Awards Watch Archive for November, 2014

20 Weeks To Oscar: The Trouble With Biopics

We’re close to an all-biopic Oscar season. Maybe that’s why it’s such a blur right now. The Imitation Game, The Theory of Everything, Selma, Unbroken, Foxcatcher, Mr. Turner, Big Eyes, and American Sniper are all specifically biopics. Boyhood and Birdman are fiction, but have major biographical elements driving them. Lots of bios.

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20 Weeks To Oscar: First Major Event

Guild nominations are rarely outside of the well-established box. It takes a series of those events in coordination to change the game. Critics awards… lovely. But enjoy them for what they are, because they may not match nominations, much less winners.

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Seven Lessons In Creativity From The Director Of The Imitation Game

Seven Lessons In Creativity From The Director Of The Imitation Game And – How Designers Recreated Alan Turing’s Machine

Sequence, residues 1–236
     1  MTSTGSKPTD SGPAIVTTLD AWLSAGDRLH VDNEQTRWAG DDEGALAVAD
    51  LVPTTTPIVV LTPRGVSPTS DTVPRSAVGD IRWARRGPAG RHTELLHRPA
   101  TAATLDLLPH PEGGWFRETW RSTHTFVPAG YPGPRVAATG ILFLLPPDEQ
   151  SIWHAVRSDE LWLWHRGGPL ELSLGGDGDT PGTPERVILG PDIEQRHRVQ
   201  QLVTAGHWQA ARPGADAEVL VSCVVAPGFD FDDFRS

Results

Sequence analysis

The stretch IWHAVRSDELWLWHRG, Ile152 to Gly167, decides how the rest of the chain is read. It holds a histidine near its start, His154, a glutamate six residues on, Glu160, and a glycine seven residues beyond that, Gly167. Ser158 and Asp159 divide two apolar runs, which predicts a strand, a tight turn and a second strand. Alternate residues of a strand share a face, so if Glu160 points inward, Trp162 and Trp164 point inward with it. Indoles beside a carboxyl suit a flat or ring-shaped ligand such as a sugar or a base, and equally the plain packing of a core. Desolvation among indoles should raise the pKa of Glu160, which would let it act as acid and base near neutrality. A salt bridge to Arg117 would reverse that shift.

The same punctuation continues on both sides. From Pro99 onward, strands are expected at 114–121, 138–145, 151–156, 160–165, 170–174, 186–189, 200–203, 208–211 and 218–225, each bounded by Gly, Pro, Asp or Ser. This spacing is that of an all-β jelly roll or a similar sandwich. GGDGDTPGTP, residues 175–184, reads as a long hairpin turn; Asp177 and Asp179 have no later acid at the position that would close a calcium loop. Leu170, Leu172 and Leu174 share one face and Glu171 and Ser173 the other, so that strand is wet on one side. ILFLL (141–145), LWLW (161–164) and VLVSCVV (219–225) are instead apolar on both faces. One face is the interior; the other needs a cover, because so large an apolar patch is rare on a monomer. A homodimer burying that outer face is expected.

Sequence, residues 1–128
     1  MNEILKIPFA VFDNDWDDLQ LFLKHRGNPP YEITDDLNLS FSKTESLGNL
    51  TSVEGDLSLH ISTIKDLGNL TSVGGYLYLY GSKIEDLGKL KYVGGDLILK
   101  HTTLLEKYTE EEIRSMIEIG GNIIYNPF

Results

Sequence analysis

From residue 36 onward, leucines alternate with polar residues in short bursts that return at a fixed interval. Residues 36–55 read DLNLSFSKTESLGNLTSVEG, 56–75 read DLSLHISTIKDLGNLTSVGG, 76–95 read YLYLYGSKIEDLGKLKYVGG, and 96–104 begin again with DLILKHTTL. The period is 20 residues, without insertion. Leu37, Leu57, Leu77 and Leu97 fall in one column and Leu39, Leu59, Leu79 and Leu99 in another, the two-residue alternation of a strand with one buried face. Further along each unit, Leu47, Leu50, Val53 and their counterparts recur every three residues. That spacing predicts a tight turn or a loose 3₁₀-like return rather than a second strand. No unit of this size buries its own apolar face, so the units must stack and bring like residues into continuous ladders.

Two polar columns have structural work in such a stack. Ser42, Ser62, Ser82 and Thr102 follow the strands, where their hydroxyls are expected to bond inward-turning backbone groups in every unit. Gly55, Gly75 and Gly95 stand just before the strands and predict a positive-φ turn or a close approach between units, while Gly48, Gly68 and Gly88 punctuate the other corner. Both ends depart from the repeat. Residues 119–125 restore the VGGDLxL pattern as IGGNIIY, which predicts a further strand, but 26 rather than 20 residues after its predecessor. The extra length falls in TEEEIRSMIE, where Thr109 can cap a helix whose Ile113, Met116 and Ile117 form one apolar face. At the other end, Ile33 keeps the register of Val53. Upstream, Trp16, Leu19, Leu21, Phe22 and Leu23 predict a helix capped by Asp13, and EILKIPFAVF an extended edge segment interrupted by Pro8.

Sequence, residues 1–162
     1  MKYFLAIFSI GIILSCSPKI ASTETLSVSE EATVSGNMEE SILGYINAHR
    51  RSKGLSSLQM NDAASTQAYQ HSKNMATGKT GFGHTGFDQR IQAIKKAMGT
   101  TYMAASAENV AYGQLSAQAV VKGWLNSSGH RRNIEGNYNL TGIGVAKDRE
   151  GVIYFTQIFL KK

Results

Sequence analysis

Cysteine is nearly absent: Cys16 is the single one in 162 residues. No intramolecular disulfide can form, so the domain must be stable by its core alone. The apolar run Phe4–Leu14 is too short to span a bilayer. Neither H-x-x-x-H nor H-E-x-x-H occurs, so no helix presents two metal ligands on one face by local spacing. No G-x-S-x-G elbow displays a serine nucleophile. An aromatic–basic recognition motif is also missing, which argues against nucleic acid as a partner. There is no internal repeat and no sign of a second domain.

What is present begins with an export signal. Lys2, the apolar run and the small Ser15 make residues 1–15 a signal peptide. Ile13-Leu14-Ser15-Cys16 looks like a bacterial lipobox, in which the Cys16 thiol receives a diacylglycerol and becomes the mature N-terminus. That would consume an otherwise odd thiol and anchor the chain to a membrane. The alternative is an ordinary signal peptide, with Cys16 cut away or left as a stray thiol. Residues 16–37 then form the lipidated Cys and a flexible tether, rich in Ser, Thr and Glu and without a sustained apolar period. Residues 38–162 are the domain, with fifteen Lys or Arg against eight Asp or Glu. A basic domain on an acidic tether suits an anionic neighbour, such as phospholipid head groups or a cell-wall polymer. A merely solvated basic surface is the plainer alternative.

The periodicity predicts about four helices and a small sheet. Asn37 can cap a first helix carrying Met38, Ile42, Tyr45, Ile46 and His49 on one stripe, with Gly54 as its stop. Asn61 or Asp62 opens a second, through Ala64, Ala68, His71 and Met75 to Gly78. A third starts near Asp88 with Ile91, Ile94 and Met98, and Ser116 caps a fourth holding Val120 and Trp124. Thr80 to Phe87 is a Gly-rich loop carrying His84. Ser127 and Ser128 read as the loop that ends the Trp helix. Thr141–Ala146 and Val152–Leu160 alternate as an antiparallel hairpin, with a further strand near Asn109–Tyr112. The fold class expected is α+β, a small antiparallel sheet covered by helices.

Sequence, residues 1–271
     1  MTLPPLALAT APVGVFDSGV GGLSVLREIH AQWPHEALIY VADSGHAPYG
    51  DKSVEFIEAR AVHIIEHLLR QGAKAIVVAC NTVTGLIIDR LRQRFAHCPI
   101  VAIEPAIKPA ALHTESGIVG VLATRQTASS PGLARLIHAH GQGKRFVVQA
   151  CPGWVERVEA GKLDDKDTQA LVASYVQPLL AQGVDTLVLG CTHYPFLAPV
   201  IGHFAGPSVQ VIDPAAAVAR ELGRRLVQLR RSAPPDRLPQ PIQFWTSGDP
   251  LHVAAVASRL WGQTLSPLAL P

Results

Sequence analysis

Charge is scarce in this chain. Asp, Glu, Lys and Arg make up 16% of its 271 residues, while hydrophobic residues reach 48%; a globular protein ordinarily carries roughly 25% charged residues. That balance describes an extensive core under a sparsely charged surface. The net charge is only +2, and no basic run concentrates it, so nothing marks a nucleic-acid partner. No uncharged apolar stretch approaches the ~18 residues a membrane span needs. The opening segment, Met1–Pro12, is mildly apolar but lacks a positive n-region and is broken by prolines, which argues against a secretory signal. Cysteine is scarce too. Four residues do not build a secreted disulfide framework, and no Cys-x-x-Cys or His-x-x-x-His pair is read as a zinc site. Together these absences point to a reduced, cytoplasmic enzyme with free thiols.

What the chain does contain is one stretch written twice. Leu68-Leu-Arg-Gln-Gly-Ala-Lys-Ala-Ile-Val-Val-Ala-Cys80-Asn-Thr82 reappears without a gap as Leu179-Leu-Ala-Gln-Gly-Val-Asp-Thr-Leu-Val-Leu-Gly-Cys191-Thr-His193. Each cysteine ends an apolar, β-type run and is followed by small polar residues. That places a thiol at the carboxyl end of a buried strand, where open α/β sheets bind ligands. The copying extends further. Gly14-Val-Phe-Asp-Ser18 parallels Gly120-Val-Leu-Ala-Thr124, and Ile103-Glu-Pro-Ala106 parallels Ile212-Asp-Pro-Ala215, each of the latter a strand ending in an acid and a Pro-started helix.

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Mike Ryan On Selma And Ferguson, 11 Miles From His Hometown

Mike Ryan On Selma And Ferguson, 11 Miles From His Hometown

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“The undeclared subject of Citizenfour is integrity—the insistence by an individual that his life and the principle he lives by should be all of a piece. Something resembling an aesthetic correlative of that integrity can be found in the documentary style of Laura Poitras.”

“The undeclared subject of Citizenfour is integrity—the insistence by an individual that his life and the principle he lives by should be all of a piece. Something resembling an aesthetic correlative of that integrity can be found in the documentary style of Laura Poitras.”

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Gurus o’ Gold: Thanksgiving Week